We pushed on and noticed that a set of footprints were already there. Still, you never know whose they are and what they're doing there, so we kept going. Eventually, a figure loomed in the distance, coming back towards us. As he got closer, we saw he had a sled in tow. One of us!! We were about 2 miles out when we got to him, a familiar face from the turtle group. He had gone all the way out to the point and no turtles had washed up. He made our decision to turn back easy... I was feeling crappy and the wind wwas chilling me... I told Andrea that it felt like someone was holding a cold piece of bologna to my back. It did.

We headed back, feeling the chill, seeing the waves...
DSCN4833

It's so frustrating... they're out there. They'll be coming in. I hope eyes are on the beach when they do.
DSCN4835

We got back to the sanctuary to see if there were any turtles to be delivered to the aquarium on our way home. None. Hey, at least we got to see the display Painters. They have gotten so big!
DSCN4836

We were enjoying the birds and a rest before the two hour drive home when we ran into our friends Tim and Kim. Tim was going to be checking his Box Turtles to see if burrows were occupied and to check on his Electra-turtle... a transmittered specimen. The four of us walked and talked for a while as we went through the woods, checking on Boxies. Some burrows were empty, but nobody was up. Hopefully, they're all tucked in deep for the winter. (Tim has since sent a pic to us of an occupied burrow... all nice and cozy.)

The two of them were on for PM beach patrol. Since we walked on Sunday, many turtles have started to come in. We were just there a bit early. Tim and Kim found some and overall, the total count jumped from 19 to over 90 in just 3 days. Now is the crucial time. Andrea and I both have a few days off for Thanksgiving and we expect to spend much of that time on turtle patrol. I will walk as much as my body is able to. And then some.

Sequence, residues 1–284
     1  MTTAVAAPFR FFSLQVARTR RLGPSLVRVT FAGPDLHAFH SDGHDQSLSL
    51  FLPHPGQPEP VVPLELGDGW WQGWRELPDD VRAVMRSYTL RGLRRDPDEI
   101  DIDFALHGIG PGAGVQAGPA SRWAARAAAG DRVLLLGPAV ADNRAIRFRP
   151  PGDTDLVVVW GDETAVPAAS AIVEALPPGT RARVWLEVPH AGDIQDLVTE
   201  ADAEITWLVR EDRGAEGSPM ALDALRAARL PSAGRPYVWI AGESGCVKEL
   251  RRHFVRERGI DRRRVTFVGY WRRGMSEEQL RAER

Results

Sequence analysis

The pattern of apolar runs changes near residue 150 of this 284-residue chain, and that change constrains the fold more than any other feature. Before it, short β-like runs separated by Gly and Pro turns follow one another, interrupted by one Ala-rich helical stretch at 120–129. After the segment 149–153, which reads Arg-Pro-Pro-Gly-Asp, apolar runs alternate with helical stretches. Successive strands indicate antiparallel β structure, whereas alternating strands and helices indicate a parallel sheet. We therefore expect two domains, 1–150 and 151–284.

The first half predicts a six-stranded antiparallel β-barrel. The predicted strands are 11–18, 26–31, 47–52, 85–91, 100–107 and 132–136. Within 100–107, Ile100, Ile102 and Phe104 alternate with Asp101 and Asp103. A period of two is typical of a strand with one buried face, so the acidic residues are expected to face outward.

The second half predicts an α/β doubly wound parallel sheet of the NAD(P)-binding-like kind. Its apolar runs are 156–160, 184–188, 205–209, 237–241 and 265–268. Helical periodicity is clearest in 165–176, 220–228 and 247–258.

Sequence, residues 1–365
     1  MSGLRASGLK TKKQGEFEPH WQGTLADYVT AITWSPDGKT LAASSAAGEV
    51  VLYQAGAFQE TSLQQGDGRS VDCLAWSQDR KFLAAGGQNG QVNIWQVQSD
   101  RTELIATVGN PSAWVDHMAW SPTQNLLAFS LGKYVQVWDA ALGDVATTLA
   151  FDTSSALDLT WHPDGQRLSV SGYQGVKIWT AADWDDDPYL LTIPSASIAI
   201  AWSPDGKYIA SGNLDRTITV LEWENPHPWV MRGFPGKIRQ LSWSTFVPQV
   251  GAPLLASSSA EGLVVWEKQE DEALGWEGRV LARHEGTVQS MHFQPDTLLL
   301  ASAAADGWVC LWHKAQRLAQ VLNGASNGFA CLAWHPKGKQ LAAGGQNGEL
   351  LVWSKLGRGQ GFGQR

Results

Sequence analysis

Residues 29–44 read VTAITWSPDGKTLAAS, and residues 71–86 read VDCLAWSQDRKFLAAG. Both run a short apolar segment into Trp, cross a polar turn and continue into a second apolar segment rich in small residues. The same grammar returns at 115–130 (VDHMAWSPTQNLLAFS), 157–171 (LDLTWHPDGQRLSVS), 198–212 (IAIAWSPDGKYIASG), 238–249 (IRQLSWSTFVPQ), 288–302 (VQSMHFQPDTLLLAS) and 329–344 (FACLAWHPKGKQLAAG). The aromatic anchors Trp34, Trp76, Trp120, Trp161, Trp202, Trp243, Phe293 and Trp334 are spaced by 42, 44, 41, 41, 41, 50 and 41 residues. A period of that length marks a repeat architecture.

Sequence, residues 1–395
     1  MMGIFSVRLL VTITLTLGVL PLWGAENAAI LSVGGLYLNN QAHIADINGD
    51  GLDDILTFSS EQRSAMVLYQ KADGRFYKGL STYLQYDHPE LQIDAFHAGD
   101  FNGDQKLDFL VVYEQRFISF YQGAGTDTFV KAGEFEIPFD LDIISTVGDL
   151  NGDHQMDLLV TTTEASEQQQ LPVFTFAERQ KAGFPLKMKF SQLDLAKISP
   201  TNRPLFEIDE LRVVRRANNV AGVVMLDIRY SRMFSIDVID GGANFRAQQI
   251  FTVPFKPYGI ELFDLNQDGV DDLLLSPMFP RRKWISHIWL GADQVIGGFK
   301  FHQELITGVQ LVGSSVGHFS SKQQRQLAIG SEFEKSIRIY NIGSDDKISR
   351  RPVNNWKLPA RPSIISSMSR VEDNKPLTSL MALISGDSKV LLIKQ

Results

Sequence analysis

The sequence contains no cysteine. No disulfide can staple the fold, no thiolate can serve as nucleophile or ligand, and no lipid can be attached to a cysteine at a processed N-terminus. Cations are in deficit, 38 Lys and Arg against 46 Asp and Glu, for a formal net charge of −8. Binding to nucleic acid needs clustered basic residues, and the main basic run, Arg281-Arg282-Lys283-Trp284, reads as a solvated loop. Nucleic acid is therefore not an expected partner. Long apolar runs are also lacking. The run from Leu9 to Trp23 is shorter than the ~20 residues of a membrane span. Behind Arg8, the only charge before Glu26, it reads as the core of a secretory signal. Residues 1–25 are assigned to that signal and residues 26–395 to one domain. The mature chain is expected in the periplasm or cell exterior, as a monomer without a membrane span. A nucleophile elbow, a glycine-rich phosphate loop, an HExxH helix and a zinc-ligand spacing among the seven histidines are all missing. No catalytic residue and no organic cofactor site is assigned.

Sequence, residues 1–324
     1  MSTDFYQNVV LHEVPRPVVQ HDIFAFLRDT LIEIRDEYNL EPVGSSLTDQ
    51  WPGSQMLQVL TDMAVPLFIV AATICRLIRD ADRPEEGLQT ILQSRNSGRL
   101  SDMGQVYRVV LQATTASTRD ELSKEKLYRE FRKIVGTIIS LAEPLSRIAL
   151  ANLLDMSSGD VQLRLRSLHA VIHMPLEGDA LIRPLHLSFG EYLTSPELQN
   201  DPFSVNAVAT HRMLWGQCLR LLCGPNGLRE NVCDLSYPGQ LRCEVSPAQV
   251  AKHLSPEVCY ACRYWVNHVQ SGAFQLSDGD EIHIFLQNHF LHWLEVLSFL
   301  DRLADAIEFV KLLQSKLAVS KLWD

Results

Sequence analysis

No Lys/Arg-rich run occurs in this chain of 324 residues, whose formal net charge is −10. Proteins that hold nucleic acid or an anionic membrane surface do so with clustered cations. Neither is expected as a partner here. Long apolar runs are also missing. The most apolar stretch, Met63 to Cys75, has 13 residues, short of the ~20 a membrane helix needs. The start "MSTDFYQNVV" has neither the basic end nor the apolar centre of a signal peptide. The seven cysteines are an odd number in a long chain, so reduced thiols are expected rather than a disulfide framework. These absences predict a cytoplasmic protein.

I now leave you with a Blue Jay looking at you like you just said something stupid.
DSCN4840

Sunday, November 13, 2016

November at a Glance... The 5th, 12th and 13th.

With the cold climes, there is far less that we can do in the natural world... or rather, far less we are mentally capable of doing. We're not much for going out into the cold on purpose. But it's still not horrible, so we make plans that will fit into our hatred of cooler weather. But we don't want to hit the local dens every time. That would get old for both the animals and us.

Saturday the 5th, we planned on going up to Maine to visit the kids. On the way up, we stopped by an Essex County pond to poke around. Of course, frogs and turtles would be long gone and snakes would only be near their hibernaculums so we were going on a wing and a prayer. Our main target was salamanders, as it often is this time of year. And our first animal was a spiffy Leadback.
DSCN4729
My own newly described "Speckle-puss Phase".

It took plenty more work before we saw our next animal... a Redback, who posed provocatively with some mushrooms.
DSCN4731

We searched through a mile or two of powerline cut, thinking that there might have been some dens nearby, but no snakes were draped about. I mean, it was warm in the sun, but the air was only 53° and felt cooler in the breeze. On the way in, one spot that we were pretty sure was a den had been barren. So imagine our surprise and happiness when, on the way out, this Garter was poking around in the cool shade.
DSCN4732
This specimen is as stubborn as we are. We worked hard for this guy.
DSCN4735
In fact, we worked hard for all three animals. Those are the only ones we saw in about 3 hours. That's fine, though. We got sun, air and a few animal sightings. Always a wonderful thing.

The evening of Friday, the 11th was going to be cold and windy. Very windy. We were mulling over the possibility of pulling turtle patrol on the Cape on Saturday. Our minds were made up for us when we got officially asked to do it in the afternoon. We happily agreed. High tide was at 8:47 AM, so we'd have to leave home two hours before that. We set the alarm for 5 AM. No sleeping in this Saturday.

We got out there pretty much on time and made our way to the beach. The paths leading there were flooded by the tide, so our timing was pretty good. When we got onto the beach, the tide was high (and we were holding on) and the waves were choppy.
DSCN4752
It looked pretty good for turtles.

But we didn't see any. We saw a couple of guys that had walked part way out the beach (which is about 4 miles out) and they hadn't seen any. Oh well, undeterred, we went on. We were going to do the whole beach like we were asked. One interesting thing... Grey Seals kept popping up. They almost seemed to follow us.
DSCN4755